« Reading in bed: Why the iPad mini trumps physical books | Home | Hand T-Shirt — Talk to me »

June 12, 2013

Epic: Allen Ginsberg gets his first look at the Internet on December 16, 1996


Steve Silberman (with Ginsberg, above) showed him what it was all about.

Wrote Silberman, "Following our conversation, I showed Allen the World Wide Web for the first time. I'd been telling him about the self-publishing samizdat aspect of the Web, knowing that he'd made a point of donating his work to small, labor-of-love zines even after he was the best known poet in America. I took Allen immediately to the page on his work at Levi Asher's Literary Kicks site, clicking through Jack Kerouac's and Neal Cassady's names to demonstrate hypertext to him. Allen didn't say much, and then I took him to a search engine, where a search on the phrase "allen ginsberg" called out 2,000 hits — probably the maximum. He looked at all the pages built in his name. 'Thank God I don't know how to work this,' Allen sighed."

Silberman's in-depth interview for Wired revealed a whole lifetime's worth of future plans and projects the 70-year-old Ginsberg was involved in and looking forward to.

He died less than four months later, on April 5, 1997.

Below, excerpts from the hugely entertaining, wide-ranging interview.


Steve Silberman: Hello. I'm very, very happy to have Allen with us today. It's hard to imagine the last several decades of public life without Allen's work. The publication of "Howl" in the late fifties was a huge gesture towards honesty and openness and sincerity in public discourse, and his poetry has influenced many generations of artists and musicians. Welcome to HotWired, Allen.

Allen Ginsberg: Hi, Steve. As you know, or as you don't know — listeners, lookers — Steve Silberman and I are old friends, going back a decade or longer.

Steve Silberman: I was Allen's student when I was 19, and I'm now 39, so....

Allen Ginsberg: It was out at Naropa Institute, in Boulder, Colorado — the Jack Kerouac School of Disembodied Poetics. It's still going on. I'll be there this summer.


Steve Silberman: Were you at the original recording session for "All You Need Is Love?"

Allen Ginsberg: No. That's the hotel room thing? I forgot.

Steve Silberman: No, I saw footage of the recording session for "All You Need Is Love," and I thought maybe you were there.

Allen Ginsberg: No. I was there for a very, very interesting one with Lennon and the guy from the Stones — Jagger. In the late '60s, "Butterfly Fly Away," at the Abbey Road studio — sitting in with Miles, who's a friend, and a friend of theirs.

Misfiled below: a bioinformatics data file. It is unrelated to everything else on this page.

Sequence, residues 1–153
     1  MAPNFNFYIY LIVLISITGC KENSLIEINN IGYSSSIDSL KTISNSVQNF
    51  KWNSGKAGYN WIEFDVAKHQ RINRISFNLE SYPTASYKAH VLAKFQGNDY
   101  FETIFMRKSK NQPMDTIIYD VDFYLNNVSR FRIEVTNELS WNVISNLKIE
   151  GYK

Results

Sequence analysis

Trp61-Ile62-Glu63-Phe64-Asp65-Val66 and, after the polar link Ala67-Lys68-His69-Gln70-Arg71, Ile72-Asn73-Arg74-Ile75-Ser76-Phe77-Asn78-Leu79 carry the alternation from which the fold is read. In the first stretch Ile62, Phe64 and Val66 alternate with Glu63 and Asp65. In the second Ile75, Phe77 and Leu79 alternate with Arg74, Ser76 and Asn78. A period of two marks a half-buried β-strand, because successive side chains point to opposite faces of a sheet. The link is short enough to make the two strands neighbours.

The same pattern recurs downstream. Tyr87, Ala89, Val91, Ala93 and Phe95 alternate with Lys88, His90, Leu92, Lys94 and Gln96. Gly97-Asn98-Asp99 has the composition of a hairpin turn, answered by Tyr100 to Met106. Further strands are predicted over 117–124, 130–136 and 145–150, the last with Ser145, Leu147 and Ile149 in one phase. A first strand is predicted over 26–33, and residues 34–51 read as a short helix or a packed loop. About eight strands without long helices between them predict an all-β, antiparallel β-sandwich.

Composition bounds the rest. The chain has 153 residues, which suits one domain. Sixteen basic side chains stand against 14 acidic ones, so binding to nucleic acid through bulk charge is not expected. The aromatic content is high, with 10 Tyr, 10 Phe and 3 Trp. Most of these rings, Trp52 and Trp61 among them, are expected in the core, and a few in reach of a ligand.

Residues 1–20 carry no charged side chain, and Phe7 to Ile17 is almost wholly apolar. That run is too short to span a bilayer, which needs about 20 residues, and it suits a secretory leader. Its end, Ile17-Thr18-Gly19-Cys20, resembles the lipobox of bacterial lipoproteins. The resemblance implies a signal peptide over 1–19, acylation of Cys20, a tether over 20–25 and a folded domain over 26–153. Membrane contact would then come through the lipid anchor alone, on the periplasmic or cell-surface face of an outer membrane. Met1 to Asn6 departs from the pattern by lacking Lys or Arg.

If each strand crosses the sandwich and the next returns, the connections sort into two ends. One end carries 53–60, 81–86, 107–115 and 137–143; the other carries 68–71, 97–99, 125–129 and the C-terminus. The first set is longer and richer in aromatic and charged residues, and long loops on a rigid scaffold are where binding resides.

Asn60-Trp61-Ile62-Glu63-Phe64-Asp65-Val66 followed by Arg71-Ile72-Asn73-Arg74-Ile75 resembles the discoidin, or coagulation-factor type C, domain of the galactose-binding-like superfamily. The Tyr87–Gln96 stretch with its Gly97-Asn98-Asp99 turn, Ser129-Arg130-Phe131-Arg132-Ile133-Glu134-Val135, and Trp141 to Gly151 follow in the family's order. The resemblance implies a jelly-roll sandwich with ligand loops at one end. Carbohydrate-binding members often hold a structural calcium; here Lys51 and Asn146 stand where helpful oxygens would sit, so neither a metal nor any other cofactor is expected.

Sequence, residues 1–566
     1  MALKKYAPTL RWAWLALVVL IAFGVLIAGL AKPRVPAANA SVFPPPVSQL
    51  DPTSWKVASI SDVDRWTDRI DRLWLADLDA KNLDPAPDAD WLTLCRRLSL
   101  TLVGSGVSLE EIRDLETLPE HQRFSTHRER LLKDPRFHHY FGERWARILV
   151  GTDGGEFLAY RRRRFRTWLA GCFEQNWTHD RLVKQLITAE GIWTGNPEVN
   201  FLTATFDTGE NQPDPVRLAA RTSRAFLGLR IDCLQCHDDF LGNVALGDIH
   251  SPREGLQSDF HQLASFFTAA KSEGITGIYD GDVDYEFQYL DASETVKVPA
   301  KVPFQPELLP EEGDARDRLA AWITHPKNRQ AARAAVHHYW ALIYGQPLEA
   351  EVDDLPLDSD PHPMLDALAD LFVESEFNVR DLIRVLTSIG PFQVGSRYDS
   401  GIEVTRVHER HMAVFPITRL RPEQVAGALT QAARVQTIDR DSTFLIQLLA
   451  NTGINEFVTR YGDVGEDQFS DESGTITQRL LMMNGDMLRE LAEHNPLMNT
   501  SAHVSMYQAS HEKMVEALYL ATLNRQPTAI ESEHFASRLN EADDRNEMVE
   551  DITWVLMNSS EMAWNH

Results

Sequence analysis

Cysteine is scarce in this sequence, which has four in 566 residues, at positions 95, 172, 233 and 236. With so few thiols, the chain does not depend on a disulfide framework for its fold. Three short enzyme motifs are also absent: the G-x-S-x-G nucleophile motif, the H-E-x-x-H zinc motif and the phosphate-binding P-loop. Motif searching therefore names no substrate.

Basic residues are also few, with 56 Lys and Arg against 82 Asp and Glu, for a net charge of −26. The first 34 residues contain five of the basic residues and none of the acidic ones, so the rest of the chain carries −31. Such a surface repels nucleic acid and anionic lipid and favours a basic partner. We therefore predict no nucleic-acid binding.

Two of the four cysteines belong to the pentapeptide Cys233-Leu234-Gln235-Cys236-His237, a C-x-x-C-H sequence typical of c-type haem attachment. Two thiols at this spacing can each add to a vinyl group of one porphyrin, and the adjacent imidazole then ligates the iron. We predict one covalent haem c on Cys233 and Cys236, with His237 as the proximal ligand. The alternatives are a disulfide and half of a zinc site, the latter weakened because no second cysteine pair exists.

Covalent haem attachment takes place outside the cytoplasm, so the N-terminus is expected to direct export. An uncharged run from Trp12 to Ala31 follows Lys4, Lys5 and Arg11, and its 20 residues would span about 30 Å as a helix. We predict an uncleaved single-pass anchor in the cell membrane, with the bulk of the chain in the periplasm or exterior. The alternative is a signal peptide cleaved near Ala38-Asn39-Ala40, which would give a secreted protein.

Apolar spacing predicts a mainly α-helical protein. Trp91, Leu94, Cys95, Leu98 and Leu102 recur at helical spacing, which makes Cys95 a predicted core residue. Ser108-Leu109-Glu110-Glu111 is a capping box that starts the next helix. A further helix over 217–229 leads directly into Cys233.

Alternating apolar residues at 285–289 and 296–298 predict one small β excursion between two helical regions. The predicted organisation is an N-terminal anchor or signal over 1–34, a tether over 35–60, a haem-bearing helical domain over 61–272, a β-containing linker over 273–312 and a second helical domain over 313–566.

Allen Ginsberg: Yeah, he's editing my correspondence now. But I hadn't seen too much of McCartney, until he came to New York a couple years ago for "Saturday Night Live" on his world tour, and he remembered very clearly, because we had spent a few evenings together, and greeted me like a long lost brother or friend. Invited me down to his place in England, and we got involved. I had written "The Ballad of the Skeletons," and I read it to him, and he had filmed me doing it, his daughter filmed me doing it, on a little 8 millimeter. And I had a concert with Anne Waldman and the British poet Tom Picard, and about 13 other poets, at the Royal Albert Hall a year ago. And I asked McCartney for advice for a young guitarist who's a quick pick-up — a quick study — and he gave me some names. They sounded like older guys, like Jeff Beck. And he said, "But as you're not fixed up with a guitarist, why don't you try me, I love the poem..." and I said, "Sure, it's a date."

So he showed up for the sound check. Actually, we rehearsed one night at his place. He showed up at 5 p.m. for the sound check, and he bought a box for his family. Got all his kids together, four of them, and his wife, and he sat through the whole evening of poetry, and we didn't say who my accompanist was going to be. We introduced him at the end of the evening, and then the roar went up on the floor of the Albert Hall, and we knocked out the song. He said if I ever got around to recording it, let him know. So he volunteered, and we made a basic track, and sent it to him, on 24 tracks, and he added maracas and drums, which it needed. It gave it a skeleton, gave it a shape. And also organ, he was trying to get that effect of Al Kooper on the early Dylan. And guitar, so he put a lot of work in on that. And then we got it back just in time for Philip Glass to fill in his arpeggios on piano.


Steve Silberman: And Gus Van Sant directed a video that's getting a lot of play on MTV.